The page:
JOHANNESBURG—South Africa’s Chief Land Claims Commissioner said on Tuesday he would move from next month to confiscate land in cases where negotiations with the owners had dragged on for three years or more.
Tozi Gwanya said the aim was to settle all outstanding land claims by March 2008 and remove any uncertainties that farmers, banks or investors had about the agricultural sector.
“We have the instructions to speed up and settle all of the claims . . . Our marching orders from the president is that we must settle all of these land claims by March 2008,” he told Reuters in a telephone interview.
“We are going to look at all the claims where negotiations have been going on for three years and move forward on them to resolve the claims . . . In March, we will start expropriating land where things have been dragging out for this length of time,” he said.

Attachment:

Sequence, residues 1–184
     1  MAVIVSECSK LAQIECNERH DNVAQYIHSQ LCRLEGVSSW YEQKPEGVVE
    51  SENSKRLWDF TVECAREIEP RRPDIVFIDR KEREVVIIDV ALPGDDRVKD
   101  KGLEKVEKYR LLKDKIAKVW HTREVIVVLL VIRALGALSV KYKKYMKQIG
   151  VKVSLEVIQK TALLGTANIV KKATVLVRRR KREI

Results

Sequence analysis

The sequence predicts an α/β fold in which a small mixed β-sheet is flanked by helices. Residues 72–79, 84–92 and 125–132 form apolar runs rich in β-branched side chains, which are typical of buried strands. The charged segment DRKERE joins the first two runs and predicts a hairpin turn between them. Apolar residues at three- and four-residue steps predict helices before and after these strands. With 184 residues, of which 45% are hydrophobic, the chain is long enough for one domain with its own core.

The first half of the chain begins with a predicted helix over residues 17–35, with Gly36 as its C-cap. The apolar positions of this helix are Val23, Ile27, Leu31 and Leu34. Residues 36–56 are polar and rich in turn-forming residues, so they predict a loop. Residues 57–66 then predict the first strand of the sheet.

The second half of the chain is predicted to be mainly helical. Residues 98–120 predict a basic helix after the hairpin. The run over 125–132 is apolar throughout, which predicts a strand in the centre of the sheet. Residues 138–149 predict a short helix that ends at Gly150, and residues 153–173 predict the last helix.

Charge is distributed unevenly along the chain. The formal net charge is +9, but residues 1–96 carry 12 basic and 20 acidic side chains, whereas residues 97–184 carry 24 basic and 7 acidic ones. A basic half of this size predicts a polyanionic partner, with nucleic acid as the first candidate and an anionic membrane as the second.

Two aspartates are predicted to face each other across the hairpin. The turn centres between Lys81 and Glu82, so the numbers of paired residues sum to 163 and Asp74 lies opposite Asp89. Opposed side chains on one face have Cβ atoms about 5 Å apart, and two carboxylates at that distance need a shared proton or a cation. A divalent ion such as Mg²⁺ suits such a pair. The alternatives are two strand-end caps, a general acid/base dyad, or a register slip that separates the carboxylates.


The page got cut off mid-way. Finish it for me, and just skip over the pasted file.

South Africa can expropriate white-owned farms without a court order under laws aimed at speeding up the return of land to black communities or individuals dispossessed under apartheid. But it has made few moves to date in this direction.
President Thabo Mbeki said on Friday in his state-of-the-nation address that South Africa would regulate the conditions under which foreigners bought land in 2006 and review its willing-buyer, willing-seller policy on land reform.